Link: http://threedevsandamaybe.com/instant-feedback-on-your-pizza-oven/

SitePoint PHP Blog:
The PHP Channel’s Survey Results and 2016 Plans
Jan 22, 2016 @ 10:12:46

A while back the SitePoint PHP blog did a survey asking for reader feedback about the content they provide, what they thought was good/bad about it and what they'd like to see more of in the future. In this new post they share some of these results.

On the last day of 2015, we published a survey asking you, the readers, for an opinion about the PHP channel. It was a pretty open survey with mostly freeform answers allowed, so you could tell us literally anything. All in all, we collected 78 responses so far (the survey will remain open indefinitely, in case someone wants to give us more feedback).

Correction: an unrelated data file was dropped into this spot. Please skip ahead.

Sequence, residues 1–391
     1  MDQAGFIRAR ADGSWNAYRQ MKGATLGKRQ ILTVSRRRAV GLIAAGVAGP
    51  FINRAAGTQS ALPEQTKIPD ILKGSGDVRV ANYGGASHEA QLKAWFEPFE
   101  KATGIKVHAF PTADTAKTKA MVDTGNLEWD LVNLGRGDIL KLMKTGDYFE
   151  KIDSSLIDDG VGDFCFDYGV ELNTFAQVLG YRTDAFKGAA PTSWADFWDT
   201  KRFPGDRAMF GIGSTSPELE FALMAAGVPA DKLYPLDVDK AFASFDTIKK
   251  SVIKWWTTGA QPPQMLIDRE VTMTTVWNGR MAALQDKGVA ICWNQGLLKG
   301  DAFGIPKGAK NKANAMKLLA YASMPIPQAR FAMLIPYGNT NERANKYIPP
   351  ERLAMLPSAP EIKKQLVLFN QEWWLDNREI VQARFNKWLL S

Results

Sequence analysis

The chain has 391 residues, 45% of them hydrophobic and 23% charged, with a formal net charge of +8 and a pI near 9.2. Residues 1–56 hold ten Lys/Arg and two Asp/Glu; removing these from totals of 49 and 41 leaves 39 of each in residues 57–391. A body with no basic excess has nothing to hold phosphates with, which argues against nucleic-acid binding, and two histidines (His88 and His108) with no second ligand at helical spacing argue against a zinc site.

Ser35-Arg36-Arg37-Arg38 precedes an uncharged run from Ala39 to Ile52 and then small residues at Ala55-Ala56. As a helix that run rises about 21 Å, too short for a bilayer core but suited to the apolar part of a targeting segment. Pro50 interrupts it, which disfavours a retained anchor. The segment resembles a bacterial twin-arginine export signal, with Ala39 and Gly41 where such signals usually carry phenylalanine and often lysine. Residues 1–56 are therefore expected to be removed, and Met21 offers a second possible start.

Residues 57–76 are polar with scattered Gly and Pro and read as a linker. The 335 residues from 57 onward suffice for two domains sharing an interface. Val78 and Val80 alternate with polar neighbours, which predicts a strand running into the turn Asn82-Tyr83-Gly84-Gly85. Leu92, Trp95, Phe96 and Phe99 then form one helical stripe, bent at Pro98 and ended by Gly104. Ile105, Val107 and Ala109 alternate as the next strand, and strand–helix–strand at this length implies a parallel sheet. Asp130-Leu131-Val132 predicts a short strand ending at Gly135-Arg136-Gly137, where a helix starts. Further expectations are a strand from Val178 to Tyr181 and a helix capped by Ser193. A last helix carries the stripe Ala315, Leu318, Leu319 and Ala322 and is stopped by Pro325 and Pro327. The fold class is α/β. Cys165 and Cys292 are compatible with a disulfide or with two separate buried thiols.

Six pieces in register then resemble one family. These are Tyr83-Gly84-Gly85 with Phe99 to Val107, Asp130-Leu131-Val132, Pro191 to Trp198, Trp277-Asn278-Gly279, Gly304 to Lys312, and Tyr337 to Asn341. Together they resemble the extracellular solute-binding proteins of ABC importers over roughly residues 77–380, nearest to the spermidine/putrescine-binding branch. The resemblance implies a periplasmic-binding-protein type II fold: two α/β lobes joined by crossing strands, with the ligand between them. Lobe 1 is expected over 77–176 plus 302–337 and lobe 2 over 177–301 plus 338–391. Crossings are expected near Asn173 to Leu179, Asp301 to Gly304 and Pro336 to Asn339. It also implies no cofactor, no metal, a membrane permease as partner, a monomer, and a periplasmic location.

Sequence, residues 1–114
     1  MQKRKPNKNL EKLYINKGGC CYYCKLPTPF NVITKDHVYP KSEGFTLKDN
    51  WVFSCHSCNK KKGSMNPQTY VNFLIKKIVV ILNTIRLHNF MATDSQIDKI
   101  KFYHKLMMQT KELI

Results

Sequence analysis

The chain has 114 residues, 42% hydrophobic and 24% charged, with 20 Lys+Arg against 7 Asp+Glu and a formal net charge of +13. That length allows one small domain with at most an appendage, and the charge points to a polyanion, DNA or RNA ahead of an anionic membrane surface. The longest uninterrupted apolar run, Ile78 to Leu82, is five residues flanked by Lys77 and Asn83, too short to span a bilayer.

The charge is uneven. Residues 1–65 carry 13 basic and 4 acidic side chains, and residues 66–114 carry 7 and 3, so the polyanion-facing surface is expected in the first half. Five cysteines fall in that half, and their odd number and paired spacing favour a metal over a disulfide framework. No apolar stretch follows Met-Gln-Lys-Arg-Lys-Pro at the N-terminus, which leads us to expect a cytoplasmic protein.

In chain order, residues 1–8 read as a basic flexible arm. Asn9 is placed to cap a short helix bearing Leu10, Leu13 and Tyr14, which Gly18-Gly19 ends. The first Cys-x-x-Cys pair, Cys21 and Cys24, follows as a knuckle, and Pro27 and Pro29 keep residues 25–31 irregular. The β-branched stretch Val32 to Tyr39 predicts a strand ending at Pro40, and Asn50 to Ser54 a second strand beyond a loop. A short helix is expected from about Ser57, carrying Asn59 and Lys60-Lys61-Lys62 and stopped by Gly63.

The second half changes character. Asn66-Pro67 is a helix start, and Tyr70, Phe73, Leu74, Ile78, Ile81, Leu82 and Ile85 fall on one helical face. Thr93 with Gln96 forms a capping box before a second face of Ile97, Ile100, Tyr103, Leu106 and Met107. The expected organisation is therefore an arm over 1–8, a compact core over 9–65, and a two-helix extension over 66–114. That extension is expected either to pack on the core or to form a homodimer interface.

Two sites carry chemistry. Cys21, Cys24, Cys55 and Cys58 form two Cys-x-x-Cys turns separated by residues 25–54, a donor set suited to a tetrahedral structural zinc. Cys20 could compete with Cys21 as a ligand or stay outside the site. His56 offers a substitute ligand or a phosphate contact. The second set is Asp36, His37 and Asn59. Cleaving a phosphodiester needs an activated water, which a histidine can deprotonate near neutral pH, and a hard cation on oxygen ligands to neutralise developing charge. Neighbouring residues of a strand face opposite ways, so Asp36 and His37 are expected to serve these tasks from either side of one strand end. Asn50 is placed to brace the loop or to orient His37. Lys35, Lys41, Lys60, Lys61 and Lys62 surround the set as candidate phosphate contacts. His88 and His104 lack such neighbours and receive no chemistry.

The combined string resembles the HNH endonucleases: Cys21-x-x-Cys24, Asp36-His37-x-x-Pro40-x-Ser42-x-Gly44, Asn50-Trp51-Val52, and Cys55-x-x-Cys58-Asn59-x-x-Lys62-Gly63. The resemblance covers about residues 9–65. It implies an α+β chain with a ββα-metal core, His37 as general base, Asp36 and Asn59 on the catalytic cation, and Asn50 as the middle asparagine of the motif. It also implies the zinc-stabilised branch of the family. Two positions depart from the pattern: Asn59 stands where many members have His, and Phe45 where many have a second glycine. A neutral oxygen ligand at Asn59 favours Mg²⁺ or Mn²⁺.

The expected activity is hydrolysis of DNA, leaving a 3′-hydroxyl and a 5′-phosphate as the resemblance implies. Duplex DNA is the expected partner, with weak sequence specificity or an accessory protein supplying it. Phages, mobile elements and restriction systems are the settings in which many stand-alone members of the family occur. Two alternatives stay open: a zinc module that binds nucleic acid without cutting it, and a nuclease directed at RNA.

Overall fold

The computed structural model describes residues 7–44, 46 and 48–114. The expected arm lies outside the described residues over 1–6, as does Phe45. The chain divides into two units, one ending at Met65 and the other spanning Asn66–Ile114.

On the average satisfaction scale, we scored 7.42 out of 10, and that’s without excluding the potential trolls who voted 1. That’s a very good result, but we’re determined to improve it further.

The rest of the post then gets into the results in detail, talking about:

  • overall satisfaction with the blog and its contents
  • opinions on the newsletter
  • author feedback
  • favorite types of posts
  • their presence on social media

They end the post with a summary of the things people wanted the most out of the site including more demos/practical examples and more PHP 7-related content. While these results are mostly applicable to the SitePoint PHP blog, they also can be applied a bit more widely across the community and on other sites that publish articles with technical content.

tagged: sitepoint channel survey results article feedback

Link: http://www.sitepoint.com/the-php-channels-survey-results-and-2016-plans/

Joshua Thijssen:
My guide to commenting on joind.in
Dec 21, 2015 @ 10:44:16